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  • IPA(key): /ˈteɪkɪŋ/
  • (file)
  • Rhymes: -eɪkɪŋ


taking (comparative more taking, superlative most taking)

  1. Alluring; attractive.
    • 1655, Thomas Fuller, The Church-History of Britain from the Birth of Jesus Christ until the Year M.DC.XLVIII, London: John Williams, “The Tenth Century,” p. 128,[1]
      [] a Proteus-Devil appeared unto him, changing into Shapes, but fixing himself at last into the form of a Fair Woman. Strange, that Satan (so subtil in making his Temptations most taking) should preferre this form []
    • 1793, Charles Dibdin, The Younger Brother, London, for the author, Volume 2, Chapter 9, p. 263,[2]
      His speech from the hustings was very original, and therefore very taking.
    • 1878, Thomas Hardy, The Return of the Native, Book 3, Chapter 1,[3]
      “Yes, Paris must be a taking place,” said Humphrey. “Grand shop-winders, trumpets, and drums; and here be we out of doors in all winds and weathers—”
    • 1909, Frank Sidgwick, Love and battles, page 291:
      The gentleman had left for London after lunch. Yes, alone; but he had lunched in the hotel with a lady. A young lady. A very taking young lady. She called him uncle. But walked away in another direction as his cab started. The porter's eye was beginning to twinkle; []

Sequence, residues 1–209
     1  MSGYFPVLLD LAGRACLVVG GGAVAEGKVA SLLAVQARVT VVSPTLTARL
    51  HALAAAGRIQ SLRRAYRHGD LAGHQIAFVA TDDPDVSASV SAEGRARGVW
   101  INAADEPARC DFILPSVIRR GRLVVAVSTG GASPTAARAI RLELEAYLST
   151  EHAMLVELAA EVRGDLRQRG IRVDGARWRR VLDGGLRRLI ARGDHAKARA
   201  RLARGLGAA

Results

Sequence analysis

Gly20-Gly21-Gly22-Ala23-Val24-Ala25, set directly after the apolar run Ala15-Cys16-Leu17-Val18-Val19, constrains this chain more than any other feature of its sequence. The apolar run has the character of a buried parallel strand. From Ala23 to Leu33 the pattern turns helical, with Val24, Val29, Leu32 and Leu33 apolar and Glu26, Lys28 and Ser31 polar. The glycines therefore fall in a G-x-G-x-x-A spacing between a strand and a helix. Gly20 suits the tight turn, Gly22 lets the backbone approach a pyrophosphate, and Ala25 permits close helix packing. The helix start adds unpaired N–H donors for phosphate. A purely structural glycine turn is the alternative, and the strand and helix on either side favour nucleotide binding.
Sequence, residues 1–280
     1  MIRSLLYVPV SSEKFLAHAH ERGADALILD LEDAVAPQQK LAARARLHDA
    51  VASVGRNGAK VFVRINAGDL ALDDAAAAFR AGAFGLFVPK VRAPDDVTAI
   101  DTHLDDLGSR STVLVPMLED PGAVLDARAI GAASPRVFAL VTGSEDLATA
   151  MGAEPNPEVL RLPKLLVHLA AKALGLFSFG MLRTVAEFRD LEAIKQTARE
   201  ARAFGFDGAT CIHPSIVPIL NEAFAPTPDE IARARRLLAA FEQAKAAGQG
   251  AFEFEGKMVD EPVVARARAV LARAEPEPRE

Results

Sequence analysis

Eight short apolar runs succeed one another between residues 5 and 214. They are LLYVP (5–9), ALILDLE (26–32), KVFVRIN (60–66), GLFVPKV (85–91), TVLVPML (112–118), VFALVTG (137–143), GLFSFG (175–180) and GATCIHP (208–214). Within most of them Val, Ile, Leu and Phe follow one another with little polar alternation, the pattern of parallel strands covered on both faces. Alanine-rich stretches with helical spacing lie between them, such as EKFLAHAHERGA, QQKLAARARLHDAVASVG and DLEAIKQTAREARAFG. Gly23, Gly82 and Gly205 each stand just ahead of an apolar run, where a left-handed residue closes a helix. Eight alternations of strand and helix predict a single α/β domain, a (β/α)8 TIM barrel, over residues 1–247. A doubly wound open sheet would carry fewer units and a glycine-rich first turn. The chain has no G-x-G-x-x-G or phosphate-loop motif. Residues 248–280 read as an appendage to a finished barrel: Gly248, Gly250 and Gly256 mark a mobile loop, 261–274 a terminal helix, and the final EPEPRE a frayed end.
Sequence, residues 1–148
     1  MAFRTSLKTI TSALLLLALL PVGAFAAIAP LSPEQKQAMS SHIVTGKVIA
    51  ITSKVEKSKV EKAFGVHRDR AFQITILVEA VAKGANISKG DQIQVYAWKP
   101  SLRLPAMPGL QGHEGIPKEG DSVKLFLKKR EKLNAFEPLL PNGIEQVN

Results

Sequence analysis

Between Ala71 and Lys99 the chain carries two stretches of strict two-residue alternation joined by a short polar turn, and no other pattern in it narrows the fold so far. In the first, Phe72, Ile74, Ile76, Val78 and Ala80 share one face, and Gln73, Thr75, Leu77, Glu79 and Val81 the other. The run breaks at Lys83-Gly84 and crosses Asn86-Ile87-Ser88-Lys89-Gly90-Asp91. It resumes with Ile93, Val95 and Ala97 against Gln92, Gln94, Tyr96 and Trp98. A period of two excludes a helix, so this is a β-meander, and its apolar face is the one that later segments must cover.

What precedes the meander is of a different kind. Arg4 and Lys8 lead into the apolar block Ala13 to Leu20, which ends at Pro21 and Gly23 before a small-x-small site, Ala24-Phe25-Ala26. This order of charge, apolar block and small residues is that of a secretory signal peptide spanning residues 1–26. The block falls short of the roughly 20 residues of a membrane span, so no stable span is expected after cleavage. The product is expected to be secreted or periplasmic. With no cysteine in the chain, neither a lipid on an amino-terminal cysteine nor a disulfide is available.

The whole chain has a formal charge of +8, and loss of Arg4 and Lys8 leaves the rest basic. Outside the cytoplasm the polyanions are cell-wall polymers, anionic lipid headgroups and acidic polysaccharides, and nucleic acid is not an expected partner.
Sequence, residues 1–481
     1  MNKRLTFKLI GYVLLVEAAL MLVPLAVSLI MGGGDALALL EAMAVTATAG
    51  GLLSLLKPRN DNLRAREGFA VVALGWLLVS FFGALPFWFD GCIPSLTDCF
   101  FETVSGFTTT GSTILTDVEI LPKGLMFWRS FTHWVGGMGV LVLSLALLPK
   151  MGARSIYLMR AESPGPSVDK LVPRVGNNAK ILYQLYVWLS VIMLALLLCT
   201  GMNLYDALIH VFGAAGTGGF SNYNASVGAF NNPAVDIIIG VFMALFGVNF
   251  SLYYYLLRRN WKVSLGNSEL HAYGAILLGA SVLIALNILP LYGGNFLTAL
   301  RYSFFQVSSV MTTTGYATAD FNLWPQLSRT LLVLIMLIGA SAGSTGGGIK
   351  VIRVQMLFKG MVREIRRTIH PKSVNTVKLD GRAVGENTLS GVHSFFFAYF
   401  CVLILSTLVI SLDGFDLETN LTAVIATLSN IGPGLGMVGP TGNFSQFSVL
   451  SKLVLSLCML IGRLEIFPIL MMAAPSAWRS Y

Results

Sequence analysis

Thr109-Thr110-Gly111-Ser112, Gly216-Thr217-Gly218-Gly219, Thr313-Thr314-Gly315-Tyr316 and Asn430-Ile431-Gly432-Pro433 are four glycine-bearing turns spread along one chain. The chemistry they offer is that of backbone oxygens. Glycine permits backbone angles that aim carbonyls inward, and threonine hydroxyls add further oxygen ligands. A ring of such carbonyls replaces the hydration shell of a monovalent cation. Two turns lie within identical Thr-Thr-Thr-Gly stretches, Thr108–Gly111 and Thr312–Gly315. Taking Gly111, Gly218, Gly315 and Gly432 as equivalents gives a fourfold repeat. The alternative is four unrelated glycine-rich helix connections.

2. (obsolete) Infectious; contagious.



taking (countable and uncountable, plural takings)

  1. The act by which something is taken.
    • 2010, Ian Ayres, Optional Law: The Structure of Legal Entitlements, page 75:
      Second, they argue that giving the original owner a take-back option might lead to an infinite sequence of takings and retakings if the exercise price for the take-back option (i.e., the damages assessed at each round) is set too low.
  2. (uncountable) A seizure of someone's goods or possessions.
  3. (uncountable) A state of mental distress, resulting in excited or erratic behavior.
    • 1602, William Shakespeare, The Merry Wives of Windsor, Act III, Scene III:
      What a taking was hee in, when your husband askt who was in the basket?
    • 1847, Emily Brontë, Wuthering Heights, vol. 2, ch. 16, p. 321:
      " [] at last, he proceeded from staring to touching; he put out his hand and stroked one curl, as gently as if it were a bird. He might have stuck a knife into her neck, she started round in such a taking.
      "'Get away, this moment! How dare you touch me? Why are you stopping there?' she cried, in a tone of disgust. []
    • 1934, Agatha Christie, chapter 4, in Murder on the Orient Express, London: HarperCollins, published 2017, page 102:
      'Poor soul - she was quite in a taking. You see, she'd opened the door to the next compartment by mistake.'
  4. (countable) That which has been gained.
    Count the shop's takings.
  5. (in the plural) The cash or money received (taken) by a shop or other business; receipts.
    Fred was concerned because the takings from his sweetshop had fallen again for the third week.




  1. present participle of take
    • 1892, Walter Besant, “Prologue: Who is Edmund Gray?”, in The Ivory Gate: A Novel, New York, N.Y.: Harper & Brothers, [], OCLC 16832619, page 16:
      Athelstan Arundel walked home [], foaming and raging. [] He walked the whole way, walking through crowds, and under the noses of dray-horses, carriage-horses, and cart-horses, without taking the least notice of them.

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  1. (Taal Batangas) boy